Beyond policy, beyond guidelines, beyond seeing the publication of yet another paper on the ills of Artificial Intelligence and Machine Learning, the general public needs to understand how algorithms impact their lives from discrimination in a job-search, to getting social security benefits they are entitled too, to having their health data protected, to being denied loans and housing in the US and Europe.
A lot more needs to be addressed on the uses of these new technologies in public services, notwithstanding their immense benefits in terms of efficiencies, as the International Labour Organisation Director-General Guy Ryder and Shahra Razavi, Director, Social Protection Department, said recently at a press conference at ILO HQ.
Because some sectors require human presence and intervention, even perhaps do not lend themselves to automation at scale, and speed is not always necessarily a good thing.
As we speak of greater connectivity at the global level — with many great initiatives underway by UNICEF and the International Telecommunication Union, together with Microsoft, Google, and Facebook — the conversation is gearing also to the ethical uses of data in the developing countries where these ambitious connectivity projects will be deployed.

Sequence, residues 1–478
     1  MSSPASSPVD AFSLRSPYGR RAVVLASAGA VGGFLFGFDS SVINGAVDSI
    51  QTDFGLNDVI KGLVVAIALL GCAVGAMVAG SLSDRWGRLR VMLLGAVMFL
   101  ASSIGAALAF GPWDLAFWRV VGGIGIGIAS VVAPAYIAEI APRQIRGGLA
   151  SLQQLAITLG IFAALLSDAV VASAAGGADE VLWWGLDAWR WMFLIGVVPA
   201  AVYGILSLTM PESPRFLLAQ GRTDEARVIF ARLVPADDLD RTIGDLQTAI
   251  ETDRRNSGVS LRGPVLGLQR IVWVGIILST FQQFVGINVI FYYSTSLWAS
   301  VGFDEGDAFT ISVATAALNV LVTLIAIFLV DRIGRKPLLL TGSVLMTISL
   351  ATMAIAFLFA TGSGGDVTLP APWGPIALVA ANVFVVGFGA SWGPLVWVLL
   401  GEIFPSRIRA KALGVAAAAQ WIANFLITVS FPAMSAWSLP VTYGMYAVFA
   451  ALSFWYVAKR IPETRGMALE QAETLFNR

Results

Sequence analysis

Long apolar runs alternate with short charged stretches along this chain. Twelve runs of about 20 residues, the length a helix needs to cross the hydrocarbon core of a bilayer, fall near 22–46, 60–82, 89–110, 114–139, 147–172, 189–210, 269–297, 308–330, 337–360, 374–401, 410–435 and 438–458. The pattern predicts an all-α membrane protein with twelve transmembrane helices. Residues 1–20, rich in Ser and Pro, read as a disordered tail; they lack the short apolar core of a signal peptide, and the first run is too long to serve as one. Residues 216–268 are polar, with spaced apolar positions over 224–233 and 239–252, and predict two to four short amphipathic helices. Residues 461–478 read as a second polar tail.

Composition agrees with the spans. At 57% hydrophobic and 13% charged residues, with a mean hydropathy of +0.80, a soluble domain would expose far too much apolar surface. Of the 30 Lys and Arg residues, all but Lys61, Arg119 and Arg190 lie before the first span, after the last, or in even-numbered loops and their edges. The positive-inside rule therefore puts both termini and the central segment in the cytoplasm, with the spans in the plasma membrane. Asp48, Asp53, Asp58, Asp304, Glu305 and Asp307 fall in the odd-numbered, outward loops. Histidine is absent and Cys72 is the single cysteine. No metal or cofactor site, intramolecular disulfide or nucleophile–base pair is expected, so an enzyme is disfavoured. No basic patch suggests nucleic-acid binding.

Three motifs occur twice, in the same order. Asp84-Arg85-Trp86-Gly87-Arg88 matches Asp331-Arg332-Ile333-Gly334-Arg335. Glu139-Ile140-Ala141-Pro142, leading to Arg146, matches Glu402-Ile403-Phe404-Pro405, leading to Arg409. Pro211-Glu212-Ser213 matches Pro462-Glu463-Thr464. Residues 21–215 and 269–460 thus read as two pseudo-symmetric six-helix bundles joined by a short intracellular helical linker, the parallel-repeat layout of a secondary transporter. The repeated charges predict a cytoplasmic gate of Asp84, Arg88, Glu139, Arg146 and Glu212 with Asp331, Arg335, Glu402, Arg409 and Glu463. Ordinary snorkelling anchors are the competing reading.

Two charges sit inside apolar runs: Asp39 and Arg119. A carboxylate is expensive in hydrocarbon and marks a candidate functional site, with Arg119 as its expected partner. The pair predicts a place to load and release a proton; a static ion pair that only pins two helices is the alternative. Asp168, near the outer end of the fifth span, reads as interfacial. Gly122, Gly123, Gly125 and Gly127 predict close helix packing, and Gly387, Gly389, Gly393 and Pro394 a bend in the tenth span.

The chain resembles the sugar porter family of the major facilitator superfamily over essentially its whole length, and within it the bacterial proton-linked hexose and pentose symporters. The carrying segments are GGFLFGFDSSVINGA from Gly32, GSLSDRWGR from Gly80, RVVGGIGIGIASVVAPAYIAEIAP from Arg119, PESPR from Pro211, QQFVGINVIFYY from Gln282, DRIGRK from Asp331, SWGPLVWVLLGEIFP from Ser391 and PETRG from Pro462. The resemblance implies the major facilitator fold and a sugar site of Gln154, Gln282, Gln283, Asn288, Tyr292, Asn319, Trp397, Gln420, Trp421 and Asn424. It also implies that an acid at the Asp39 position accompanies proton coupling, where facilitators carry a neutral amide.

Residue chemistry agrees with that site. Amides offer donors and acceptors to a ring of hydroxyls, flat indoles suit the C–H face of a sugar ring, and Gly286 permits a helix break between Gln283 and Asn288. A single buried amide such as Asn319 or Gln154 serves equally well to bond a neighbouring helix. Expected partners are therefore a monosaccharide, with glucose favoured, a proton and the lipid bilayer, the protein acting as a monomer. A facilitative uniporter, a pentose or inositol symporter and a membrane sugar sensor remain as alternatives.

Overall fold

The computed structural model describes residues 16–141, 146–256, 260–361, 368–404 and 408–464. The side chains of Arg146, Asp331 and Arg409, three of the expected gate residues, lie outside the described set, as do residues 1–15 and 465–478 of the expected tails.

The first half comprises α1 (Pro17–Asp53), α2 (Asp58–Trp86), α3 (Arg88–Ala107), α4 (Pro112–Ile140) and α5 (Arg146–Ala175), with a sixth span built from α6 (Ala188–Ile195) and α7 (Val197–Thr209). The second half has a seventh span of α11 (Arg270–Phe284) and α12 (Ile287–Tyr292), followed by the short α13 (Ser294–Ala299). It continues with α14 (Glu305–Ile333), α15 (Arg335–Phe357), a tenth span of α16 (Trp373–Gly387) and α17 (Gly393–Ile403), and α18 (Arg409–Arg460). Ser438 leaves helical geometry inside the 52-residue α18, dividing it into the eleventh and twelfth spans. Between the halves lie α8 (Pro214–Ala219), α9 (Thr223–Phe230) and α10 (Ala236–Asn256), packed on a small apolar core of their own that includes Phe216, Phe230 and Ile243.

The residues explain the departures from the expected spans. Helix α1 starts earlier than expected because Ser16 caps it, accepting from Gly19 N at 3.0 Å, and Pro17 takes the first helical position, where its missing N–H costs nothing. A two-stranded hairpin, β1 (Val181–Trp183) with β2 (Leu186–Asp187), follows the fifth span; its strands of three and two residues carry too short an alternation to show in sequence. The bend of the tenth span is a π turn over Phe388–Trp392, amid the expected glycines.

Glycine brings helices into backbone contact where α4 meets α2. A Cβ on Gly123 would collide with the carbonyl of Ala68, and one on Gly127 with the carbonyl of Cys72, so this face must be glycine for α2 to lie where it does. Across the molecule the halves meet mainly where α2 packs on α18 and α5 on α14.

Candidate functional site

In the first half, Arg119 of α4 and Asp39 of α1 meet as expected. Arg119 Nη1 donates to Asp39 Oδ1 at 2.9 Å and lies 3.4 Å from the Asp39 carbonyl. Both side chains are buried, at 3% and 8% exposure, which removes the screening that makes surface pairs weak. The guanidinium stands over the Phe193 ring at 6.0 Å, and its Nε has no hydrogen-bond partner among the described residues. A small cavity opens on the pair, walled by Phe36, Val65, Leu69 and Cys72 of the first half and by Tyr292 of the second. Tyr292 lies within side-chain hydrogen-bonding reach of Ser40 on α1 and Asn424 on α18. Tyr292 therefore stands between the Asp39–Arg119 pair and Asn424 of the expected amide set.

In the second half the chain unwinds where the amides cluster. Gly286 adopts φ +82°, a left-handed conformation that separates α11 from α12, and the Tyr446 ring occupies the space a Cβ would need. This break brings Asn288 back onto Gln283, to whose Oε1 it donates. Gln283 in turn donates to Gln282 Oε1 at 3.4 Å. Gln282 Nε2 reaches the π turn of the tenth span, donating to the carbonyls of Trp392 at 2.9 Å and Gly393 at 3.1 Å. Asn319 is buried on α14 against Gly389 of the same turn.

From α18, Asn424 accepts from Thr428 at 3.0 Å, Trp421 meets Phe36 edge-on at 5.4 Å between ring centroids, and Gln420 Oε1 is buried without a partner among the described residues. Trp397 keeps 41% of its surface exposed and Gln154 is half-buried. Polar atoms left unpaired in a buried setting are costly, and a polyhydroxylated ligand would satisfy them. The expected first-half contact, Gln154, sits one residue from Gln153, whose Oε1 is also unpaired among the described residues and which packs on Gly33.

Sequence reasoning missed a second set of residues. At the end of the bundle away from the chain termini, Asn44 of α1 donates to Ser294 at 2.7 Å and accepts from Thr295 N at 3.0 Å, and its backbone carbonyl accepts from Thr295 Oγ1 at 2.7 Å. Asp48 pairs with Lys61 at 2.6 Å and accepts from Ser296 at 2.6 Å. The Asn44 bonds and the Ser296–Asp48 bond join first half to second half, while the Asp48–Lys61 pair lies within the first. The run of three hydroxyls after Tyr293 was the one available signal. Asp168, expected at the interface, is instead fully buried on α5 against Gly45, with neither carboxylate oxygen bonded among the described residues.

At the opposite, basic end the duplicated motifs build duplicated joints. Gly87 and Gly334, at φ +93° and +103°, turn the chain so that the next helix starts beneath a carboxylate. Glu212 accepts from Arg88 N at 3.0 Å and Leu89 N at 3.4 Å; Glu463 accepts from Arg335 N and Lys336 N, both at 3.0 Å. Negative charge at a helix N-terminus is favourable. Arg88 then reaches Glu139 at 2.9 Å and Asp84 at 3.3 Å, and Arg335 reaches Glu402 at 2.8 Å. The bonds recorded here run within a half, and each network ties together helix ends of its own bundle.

Last year The UN Brief interviewed Chris Fabian, Innovation Lead at UNICEF in New York, who has led many initiatives to bring Venture Capital to the mix in order to invest in entrepreneurship in developing economies. He is now focusing on infrastructure, with GIGA Connect, that a year later is continuing its growth, with more stakeholders engaged at the local and national levels given the never ending pandemic and the realisation that we cannot live without the Internet, nor can we speak of development without addressing connectivity issues.
What else to look for this week:
The interim government of Afghanistan will speak at #UNGA on Monday
The WTO Secretariat announced that WTO members are meeting on the 27 September 2021, to grab the Dispute Settlement Body by the horns. WTO members are ready to do it. Since the previous US administration the body is limping along. (Sorry, cannot help with the cheesy metaphors). A bit of trivia: “the meeting notice is circulated in the form of a document officially called an ‘airgram’”.
Virtual Meeting: Promoting Transparency to Counter Disinformation and Build Trust will be co-hosted by a number of UN agencies working together to support Member States during the sanitary crisis and to counter the #infodemic that has people drinking Clorox and taking horse deworming agents in an attempt to “cure” or prevent COVID-19 disease.
President of the United Nations Economic and Social Council, Mr. Collen Vixen Kelapile, and Citi Vice Chairman for Banking, Capital Markets and Advisory, Mr. Jay Collins, will brief reporters at UN headquarters on the Sustainable Development Goals Investment Fair, which will take place 28-29 September.
The UN Brief interviews on financing the SDG’s: